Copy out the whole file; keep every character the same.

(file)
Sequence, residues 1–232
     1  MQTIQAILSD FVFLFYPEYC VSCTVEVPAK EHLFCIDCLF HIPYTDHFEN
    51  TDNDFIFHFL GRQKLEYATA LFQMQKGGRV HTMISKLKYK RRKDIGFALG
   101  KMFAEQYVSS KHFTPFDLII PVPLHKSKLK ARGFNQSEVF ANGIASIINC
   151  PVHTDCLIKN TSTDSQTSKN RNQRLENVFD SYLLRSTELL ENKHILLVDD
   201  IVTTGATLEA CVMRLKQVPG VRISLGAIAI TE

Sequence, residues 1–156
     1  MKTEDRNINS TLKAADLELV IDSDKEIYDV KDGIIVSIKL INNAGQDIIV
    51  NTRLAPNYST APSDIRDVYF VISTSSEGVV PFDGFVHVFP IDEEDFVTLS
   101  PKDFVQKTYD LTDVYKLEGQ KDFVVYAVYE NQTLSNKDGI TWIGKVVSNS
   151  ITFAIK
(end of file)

Sequence, residues 1–232
     1  MQTIQAILSD FVFLFYPEYC VSCTVEVPAK EHLFCIDCLF HIPYTDHFEN
    51  TDNDFIFHFL GRQKLEYATA LFQMQKGGRV HTMISKLKYK RRKDIGFALG
   101  KMFAEQYVSS KHFTPFDLII PVPLHKSKLK ARGFNQSEVF ANGIASIINC
   151  PVHTDCLIKN TSTDSQTSKN RNQRLENVFD SYLLRSTELL ENKHILLVDD
   201  IVTTGATLEA CVMRLKQVPG VRISLGAIAI TE

Sequence, residues 1–156
     1  MKTEDRNINS TLKAADLELV IDSDKEIYDV KDGIIVSIKL INNAGQDIIV
    51  NTRLAPNYST APSDIRDVYF VISTSSEGVV PFDGFVHVFP IDEEDFVTLS
   101  PKDFVQKTYD LTDVYKLEGQ KDFVVYAVYE NQTLSNKDGI TWIGKVVSNS
   151  ITFAIK